Submitted to: Mcgraw-Hill Yearbook of Science and Technology
Publication Type: Book / chapter
Publication Acceptance Date: 1/10/2006
Publication Date: 5/12/2006
Citation: Klein, M., Papoyan, A., Kochian, L.V. 2006. Phytoremediation. In: Mcgraw-Hill Yearbook of Science and Technology. p. 115-125. Interpretive Summary:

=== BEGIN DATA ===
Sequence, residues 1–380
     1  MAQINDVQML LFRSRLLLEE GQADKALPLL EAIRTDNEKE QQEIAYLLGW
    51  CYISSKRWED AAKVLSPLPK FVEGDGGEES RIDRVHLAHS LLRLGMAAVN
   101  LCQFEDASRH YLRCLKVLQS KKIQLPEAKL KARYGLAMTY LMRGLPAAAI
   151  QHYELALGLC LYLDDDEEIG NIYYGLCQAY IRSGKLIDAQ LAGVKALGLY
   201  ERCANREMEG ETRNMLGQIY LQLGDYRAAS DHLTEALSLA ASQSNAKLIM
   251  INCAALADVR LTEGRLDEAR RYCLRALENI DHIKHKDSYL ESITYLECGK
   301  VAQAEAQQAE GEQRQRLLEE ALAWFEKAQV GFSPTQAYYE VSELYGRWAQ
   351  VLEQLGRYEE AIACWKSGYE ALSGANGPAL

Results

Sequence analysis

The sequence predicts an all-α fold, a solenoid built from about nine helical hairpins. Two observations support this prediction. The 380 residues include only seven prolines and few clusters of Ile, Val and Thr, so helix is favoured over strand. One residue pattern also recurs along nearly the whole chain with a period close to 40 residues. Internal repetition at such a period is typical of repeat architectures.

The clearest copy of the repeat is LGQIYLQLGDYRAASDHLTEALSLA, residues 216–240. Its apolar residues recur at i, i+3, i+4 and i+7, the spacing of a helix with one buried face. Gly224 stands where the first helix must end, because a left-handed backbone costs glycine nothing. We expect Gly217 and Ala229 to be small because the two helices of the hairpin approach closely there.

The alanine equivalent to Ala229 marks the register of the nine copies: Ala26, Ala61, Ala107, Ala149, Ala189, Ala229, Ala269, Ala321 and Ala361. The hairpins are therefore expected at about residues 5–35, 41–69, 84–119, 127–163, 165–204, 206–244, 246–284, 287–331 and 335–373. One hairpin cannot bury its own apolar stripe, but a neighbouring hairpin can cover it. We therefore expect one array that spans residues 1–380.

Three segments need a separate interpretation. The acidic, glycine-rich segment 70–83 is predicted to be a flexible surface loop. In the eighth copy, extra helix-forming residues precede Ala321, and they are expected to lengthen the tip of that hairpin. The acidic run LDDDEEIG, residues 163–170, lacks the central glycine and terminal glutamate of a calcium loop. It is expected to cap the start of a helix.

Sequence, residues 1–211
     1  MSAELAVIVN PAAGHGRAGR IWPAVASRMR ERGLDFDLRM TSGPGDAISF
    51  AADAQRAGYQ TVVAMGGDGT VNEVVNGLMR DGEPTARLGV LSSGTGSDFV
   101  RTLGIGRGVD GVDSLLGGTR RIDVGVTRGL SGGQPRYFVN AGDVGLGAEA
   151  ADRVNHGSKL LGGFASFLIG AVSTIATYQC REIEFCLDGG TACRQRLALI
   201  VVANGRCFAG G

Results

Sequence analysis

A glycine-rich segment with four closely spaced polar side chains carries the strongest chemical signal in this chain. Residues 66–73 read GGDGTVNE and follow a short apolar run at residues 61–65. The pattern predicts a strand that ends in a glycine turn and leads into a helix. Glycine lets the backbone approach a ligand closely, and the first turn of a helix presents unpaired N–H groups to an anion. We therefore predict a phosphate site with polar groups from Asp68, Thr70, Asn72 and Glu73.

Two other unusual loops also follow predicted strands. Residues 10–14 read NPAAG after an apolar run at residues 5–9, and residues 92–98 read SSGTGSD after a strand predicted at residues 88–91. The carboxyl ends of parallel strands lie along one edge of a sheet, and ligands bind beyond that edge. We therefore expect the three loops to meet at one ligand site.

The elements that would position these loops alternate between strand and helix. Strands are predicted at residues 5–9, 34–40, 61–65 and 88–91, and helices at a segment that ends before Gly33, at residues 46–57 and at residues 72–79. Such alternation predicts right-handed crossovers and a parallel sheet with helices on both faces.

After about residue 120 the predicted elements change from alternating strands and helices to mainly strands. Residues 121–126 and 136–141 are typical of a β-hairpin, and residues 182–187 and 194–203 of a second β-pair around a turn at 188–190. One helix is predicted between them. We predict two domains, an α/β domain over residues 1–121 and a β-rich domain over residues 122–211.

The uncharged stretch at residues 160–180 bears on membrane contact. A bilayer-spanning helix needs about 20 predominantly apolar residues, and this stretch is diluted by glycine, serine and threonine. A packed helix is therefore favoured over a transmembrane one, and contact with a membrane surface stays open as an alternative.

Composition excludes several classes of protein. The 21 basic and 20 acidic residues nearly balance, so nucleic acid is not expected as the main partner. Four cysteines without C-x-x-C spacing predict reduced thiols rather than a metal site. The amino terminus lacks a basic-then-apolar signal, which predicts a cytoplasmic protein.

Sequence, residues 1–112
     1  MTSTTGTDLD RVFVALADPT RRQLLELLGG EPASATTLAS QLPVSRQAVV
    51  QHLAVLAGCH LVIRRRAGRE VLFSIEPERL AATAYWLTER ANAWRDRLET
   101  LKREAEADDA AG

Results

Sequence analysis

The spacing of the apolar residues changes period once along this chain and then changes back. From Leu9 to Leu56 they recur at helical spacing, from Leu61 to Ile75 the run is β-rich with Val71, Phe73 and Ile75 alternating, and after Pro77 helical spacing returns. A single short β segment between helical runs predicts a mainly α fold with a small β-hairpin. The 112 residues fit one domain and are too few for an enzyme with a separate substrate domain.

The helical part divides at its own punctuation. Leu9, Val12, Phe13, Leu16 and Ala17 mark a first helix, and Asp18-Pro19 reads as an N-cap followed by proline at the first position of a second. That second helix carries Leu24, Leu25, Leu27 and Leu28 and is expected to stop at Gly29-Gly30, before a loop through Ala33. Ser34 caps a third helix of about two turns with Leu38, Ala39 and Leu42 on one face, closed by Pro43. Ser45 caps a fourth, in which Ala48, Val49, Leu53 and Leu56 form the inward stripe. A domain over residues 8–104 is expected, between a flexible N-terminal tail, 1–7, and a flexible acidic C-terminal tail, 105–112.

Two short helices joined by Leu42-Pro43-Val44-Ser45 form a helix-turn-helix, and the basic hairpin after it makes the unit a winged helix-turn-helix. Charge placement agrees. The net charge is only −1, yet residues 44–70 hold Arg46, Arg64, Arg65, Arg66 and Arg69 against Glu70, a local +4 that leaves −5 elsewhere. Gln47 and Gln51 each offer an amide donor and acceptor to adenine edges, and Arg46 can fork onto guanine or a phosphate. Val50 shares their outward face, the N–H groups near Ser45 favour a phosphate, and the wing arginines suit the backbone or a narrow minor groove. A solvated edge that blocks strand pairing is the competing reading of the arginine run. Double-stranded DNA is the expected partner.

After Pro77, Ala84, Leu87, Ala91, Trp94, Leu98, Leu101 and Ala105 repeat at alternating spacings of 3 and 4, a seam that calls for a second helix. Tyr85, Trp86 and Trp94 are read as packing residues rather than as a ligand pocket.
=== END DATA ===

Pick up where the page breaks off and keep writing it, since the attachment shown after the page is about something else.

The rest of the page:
Technical Abstract: Heavy metal contamination of soils poses serious problems to our society, and the current technologies used to remediate soils are quite costly and disruptive. There is considerable interest in the use of terrestrial plants to clean up heavy metals from the soil, a process that has been termed phytoremediation. Within the area of phytoremediation there are a range of specific uses of plants depending on the type and concentration of pollution as well as the desired end result. These include phytoextraction, phytovolatiziation, phytostabilization, and phytodegradation of organic contaminants in the soil. This article will focus on phytoremediation as it relates to the phytoextraction of heavy metals in the soil and their storage in the easily harvestable, above-ground biomass. A small number of metal hyperaccumulating plants have been identified that can grow in highly contaminated soils and accumulate these metals to high shoot concentrations. The growing awareness of these types of plants by the environmental remediation and plant biology research communities has been a major driving force in the increased interest in using plants for remediation of soil metal contamination. In this article, we will discuss the general properties of metal hyperaccumulating plants, and how research on these plants is being used to advance the field of phytoremediation.